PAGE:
• allocate portfolios and provide investment advice based on alternative data
  • improve trade execution to minimize risks and costs
  • streamline investor relationship management, cross-sells, and up-sells
  • optimize product–channel mixes to align marketing and sales.

Wondering how far AI capabilities can stretch in finance? Read our analytical take on autonomous finance

Middle and back-office use cases

AI in Wealth Management: How to Adapt to New Customer Demands

Enhanced risk management

While AI cannot immediately make all your advisors play fair and square, it can help you minimize the amount of potential misconduct and risky behaviors.

As compliance requirements for asset management tighten, it becomes especially important to monitor trades and cross-check all transactions on concerns and potential regulatory and security issues. AI gives your firm the ability to scale such checks and set up a variety of triggers for unwanted scenarios. Using technology to monitor risks in near real time pays off.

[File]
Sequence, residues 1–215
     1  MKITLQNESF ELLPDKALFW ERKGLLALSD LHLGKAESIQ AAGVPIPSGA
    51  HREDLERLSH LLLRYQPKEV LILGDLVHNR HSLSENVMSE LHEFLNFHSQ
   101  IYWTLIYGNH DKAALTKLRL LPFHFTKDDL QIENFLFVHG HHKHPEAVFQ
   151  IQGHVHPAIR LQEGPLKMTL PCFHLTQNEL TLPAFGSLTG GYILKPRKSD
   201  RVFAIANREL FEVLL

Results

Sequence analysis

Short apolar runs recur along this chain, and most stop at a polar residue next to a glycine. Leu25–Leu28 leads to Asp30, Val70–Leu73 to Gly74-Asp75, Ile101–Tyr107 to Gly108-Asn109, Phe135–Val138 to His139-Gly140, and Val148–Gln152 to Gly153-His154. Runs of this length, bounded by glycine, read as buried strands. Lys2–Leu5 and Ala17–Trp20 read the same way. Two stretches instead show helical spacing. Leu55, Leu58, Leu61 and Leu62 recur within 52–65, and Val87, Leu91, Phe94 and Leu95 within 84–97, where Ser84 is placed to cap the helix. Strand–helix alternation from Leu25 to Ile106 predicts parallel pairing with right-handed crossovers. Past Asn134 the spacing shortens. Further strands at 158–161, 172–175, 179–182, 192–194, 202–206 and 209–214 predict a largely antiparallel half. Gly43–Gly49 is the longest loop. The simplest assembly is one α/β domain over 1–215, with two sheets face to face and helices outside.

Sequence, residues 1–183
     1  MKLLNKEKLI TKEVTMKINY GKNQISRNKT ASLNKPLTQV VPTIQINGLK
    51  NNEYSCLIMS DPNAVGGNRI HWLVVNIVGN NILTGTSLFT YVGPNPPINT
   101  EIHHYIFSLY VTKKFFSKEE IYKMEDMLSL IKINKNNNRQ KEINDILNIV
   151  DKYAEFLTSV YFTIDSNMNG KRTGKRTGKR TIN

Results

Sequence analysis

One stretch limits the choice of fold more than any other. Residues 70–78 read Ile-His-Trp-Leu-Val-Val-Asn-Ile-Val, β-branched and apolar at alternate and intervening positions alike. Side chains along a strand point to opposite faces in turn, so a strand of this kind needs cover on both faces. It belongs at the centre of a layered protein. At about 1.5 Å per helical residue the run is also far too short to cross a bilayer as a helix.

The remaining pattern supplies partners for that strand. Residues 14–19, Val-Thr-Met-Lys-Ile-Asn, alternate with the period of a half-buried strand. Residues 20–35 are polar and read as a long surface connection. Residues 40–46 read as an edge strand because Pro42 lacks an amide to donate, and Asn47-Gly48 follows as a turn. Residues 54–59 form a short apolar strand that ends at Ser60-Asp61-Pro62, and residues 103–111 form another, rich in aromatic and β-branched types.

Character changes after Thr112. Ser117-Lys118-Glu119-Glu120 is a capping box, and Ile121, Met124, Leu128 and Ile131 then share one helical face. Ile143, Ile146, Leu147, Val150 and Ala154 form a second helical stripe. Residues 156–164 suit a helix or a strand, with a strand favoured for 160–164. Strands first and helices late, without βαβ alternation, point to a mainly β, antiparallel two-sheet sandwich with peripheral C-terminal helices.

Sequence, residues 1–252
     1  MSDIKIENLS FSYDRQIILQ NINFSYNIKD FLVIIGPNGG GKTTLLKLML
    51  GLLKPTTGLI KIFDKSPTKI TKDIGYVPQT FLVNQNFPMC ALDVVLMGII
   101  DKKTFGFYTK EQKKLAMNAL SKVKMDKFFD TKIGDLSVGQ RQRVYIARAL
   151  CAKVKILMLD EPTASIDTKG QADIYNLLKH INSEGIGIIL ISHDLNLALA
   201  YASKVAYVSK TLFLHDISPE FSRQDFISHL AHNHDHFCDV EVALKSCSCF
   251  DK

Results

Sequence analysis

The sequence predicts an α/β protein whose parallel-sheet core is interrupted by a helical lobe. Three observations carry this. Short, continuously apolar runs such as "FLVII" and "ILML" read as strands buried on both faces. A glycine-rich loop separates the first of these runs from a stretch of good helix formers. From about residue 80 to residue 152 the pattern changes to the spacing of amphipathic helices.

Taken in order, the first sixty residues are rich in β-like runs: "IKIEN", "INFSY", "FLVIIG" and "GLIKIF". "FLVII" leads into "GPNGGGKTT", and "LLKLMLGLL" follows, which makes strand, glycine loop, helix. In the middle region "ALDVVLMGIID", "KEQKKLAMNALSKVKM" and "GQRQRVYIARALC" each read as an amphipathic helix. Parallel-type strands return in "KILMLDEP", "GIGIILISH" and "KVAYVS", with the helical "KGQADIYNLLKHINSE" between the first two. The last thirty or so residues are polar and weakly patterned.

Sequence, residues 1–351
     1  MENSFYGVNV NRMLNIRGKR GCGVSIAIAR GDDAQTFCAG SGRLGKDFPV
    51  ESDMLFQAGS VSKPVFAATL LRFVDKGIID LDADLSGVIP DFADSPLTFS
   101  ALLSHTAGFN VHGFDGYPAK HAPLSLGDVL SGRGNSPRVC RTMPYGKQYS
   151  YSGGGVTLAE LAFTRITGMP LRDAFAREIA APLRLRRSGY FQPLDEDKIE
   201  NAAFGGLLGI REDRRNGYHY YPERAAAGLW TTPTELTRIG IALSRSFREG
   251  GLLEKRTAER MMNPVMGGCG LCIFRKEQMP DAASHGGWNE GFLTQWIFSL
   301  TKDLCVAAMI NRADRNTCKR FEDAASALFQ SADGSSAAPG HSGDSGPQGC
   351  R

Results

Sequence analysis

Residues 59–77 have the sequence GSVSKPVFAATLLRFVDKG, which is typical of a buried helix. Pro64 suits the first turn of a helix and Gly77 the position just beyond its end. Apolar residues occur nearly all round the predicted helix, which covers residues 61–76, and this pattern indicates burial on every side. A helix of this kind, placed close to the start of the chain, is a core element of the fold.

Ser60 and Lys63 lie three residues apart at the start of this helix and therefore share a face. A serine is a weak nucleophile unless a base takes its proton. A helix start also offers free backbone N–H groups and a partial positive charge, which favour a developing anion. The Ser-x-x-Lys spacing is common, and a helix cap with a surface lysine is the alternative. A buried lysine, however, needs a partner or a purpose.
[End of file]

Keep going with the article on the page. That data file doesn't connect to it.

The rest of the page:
Asset managers that have implemented [AI/ML] techniques have seen a 55 to 85 percent reduction in time spent on trade surveillance activities and, more importantly, improved risk identification.

McKinsey

Moreover, as AI-powered algorithms scan all your operations, they can be configured to alert your advisors on when their advice may cross the lines of internal policies and external regulations. It’s a win-win for all.

Streamlined client reporting

Transparency on costs, fees, and trades is a central requirement both among customers and regulators. However, you can’t provide this transparency (cost-)effectively if your back-office processes are tangled, siloed, fragmented, or all of these things at once.